I've managed to add the bounding boxes optimization to the program and here's some good advice: read the book carefully!
I didn't, and wasted more than one hour debugging code that I should have never written in the first place... d'oh!!!
But opening the book again and following more closely the directions got me back on the right track luckily, and got the feature working.
So far, it seems to be a big win. Very good speedups on the triangle meshes, and little or no effect on the simpler scenes. I found it useful being able to visualize the bounding boxes, so I added the possibility of converting a bounding box into a cube (transparent and without shadow) and adding it to the scene.
Isolating a subgroup of the hexagon:
In my favorite scene:
Same scene, but this time the boxes are ignored by secondary rays:
Without seeing your implementation I'm kind of guessing, but see if any of this helps.
First, make sure that these cubes are ignored by the shadow calculations. Shadow rays should ignore them. That makes sure that they don't cast shadows on anything inside of them.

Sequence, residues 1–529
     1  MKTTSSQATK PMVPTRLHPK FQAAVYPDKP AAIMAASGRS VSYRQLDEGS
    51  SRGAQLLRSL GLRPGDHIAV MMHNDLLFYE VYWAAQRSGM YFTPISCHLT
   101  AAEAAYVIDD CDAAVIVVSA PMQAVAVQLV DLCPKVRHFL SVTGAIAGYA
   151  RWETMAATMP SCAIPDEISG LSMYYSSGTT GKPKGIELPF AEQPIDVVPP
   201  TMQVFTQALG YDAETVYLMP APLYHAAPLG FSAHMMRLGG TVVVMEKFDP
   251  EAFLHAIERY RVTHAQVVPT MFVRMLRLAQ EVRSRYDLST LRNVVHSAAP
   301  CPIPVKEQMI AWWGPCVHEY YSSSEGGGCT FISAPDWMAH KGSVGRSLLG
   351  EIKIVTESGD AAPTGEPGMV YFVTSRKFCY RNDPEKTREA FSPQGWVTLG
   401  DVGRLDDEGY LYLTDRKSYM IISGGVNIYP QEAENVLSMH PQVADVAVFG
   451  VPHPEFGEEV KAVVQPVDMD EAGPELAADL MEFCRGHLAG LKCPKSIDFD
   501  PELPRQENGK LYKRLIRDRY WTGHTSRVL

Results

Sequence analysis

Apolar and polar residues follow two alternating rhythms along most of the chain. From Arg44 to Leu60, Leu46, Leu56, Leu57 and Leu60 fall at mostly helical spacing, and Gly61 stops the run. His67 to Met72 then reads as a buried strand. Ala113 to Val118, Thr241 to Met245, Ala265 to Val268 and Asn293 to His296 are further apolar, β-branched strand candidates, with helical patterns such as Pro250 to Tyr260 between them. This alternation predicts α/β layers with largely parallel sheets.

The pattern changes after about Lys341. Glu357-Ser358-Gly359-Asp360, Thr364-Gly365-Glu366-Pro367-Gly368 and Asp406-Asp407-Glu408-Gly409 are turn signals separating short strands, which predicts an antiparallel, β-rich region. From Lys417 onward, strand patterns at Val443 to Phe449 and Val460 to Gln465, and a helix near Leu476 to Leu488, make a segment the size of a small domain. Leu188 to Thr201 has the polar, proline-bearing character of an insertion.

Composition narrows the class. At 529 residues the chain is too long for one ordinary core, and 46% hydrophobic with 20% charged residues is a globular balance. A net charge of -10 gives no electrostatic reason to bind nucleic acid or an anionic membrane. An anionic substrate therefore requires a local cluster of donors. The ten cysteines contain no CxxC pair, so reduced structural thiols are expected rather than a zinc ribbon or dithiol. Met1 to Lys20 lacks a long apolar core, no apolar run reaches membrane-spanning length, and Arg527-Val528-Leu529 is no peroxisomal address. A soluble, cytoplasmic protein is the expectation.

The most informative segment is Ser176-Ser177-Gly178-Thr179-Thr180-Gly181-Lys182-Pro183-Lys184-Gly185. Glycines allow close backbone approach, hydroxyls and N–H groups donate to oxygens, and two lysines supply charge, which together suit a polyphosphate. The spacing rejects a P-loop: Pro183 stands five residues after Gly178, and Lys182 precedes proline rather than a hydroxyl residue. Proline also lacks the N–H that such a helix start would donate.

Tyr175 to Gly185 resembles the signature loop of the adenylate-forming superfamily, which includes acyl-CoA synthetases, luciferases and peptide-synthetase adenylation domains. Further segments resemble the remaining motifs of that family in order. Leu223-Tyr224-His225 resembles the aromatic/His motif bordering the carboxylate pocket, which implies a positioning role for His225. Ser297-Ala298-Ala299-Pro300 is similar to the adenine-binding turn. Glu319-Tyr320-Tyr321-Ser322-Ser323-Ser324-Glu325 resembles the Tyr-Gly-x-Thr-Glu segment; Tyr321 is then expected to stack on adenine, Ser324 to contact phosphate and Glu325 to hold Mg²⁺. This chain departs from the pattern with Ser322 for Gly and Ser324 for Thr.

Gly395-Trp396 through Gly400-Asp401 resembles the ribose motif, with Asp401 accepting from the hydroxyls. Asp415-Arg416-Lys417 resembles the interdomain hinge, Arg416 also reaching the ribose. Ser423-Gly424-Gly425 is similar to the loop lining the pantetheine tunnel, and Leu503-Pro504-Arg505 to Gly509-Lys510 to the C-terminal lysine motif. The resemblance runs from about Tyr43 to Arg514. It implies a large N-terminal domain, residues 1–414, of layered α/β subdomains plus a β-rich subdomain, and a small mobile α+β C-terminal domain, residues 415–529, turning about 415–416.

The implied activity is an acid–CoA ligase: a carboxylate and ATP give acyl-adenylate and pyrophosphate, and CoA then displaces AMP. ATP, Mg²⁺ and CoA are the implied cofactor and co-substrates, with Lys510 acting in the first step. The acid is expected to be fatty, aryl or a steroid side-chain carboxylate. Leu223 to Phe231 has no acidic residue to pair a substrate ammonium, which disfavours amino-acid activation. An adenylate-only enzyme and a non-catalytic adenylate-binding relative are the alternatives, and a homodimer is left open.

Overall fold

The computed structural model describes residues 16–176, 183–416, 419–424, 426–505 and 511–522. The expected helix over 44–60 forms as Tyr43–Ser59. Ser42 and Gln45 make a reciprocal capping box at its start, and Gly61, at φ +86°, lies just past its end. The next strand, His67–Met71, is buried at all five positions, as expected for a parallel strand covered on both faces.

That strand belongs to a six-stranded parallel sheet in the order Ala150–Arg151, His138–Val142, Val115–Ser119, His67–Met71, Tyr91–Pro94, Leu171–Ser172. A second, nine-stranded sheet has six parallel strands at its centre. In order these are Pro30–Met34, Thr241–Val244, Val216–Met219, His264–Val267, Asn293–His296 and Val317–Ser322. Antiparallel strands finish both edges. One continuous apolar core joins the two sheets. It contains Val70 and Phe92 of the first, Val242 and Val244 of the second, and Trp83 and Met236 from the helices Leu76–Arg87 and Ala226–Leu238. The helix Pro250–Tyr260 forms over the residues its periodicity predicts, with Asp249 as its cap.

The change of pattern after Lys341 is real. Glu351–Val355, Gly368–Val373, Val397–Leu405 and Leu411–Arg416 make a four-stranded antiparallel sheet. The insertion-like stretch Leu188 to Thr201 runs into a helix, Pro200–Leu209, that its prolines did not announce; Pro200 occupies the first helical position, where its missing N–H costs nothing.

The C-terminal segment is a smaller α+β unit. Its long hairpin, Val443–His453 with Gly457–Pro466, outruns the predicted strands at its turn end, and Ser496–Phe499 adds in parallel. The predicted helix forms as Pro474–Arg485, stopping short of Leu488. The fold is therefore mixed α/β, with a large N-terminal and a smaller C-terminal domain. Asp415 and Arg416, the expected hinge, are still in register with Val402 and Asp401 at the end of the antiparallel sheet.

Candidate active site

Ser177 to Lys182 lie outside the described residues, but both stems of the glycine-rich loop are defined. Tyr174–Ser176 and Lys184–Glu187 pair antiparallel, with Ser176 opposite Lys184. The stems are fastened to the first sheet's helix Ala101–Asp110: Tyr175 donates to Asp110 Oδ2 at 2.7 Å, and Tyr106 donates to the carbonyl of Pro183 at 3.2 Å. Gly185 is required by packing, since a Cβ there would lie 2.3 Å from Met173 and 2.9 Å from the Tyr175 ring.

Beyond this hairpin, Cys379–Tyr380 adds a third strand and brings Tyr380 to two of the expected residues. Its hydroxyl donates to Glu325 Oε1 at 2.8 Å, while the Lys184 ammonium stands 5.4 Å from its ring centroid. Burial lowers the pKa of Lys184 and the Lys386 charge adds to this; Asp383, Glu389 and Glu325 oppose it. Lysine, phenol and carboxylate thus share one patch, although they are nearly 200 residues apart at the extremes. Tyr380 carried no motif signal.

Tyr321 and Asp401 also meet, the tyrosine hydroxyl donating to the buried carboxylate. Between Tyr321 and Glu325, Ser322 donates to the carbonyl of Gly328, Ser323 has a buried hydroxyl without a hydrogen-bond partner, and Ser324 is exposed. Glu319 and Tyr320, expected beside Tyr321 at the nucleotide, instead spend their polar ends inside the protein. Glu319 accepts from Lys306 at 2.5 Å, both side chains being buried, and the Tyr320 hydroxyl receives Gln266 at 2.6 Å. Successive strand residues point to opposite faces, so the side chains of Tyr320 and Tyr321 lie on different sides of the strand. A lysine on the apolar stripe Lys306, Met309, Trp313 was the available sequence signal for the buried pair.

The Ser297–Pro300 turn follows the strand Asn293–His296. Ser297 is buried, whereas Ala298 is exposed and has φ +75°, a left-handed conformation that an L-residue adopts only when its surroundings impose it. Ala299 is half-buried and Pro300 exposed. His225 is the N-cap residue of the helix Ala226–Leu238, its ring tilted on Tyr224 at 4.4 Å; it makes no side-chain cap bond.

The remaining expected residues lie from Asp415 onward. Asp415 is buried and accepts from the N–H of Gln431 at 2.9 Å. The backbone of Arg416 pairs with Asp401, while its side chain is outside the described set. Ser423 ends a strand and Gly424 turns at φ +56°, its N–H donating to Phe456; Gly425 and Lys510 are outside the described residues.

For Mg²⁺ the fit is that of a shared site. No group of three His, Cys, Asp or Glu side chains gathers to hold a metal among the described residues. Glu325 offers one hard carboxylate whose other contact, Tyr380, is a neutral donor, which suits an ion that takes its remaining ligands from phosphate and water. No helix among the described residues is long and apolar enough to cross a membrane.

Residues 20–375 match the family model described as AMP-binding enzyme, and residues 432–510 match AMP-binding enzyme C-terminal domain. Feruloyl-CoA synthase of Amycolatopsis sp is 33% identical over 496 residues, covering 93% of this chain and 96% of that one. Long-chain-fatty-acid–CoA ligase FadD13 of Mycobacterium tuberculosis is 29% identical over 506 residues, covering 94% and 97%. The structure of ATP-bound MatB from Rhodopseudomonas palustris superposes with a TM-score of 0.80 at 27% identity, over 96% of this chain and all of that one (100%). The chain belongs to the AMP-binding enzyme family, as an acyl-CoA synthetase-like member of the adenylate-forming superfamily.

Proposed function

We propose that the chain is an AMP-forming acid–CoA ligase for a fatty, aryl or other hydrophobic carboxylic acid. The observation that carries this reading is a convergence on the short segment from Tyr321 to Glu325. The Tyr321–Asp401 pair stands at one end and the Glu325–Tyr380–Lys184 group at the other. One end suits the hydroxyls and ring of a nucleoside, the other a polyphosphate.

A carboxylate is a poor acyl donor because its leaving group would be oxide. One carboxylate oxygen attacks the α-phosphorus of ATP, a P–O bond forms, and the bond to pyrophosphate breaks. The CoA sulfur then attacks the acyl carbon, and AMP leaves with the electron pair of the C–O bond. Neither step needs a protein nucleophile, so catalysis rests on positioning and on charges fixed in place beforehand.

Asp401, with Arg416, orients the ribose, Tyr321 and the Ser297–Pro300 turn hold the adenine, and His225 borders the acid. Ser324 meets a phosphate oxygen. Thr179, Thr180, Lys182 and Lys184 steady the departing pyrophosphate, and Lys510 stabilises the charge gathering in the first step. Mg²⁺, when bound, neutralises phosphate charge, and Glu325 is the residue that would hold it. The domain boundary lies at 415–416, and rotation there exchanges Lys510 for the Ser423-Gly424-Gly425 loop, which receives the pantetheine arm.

Second, try setting ambient to 0, and diffuse to (1 - transparency). That is to say, since you've got transparency set to 0.8, try setting diffuse to 0.2. A constant ambient value with no diffuse component will make the boxes look very flat.
My settings are (0.5, 0.5, 0) for the Color and Transparency = 1. Also Ambient is 0 or 0.1. Shadows are off for these objects.
The first screenshot you posted looks cool in a peculiar way! If you're using bounding boxes for the hit tests, I think it's worth trying to disable them temporarily (while still showing the yellow boxes) and check if the scene changes.
I did have shadows off for the bounding box cube, but I had not yet added the ability to disable secondary rays. So after I added the ability to have a shape disable reflection and refraction rays, the weirdness from that complex scene went away.
I will say that it has definitely been worth my time figuring this out. Having the visible bounding boxes helped me find and fix a bug with my groups that made rendering complex obj files WAY faster. Basically, I forgot to implement get_bounds() on my triangle primitive and thus my bounding boxes on groups were infinitely small, causing every triangle to always be hit tested for every ray...ouch.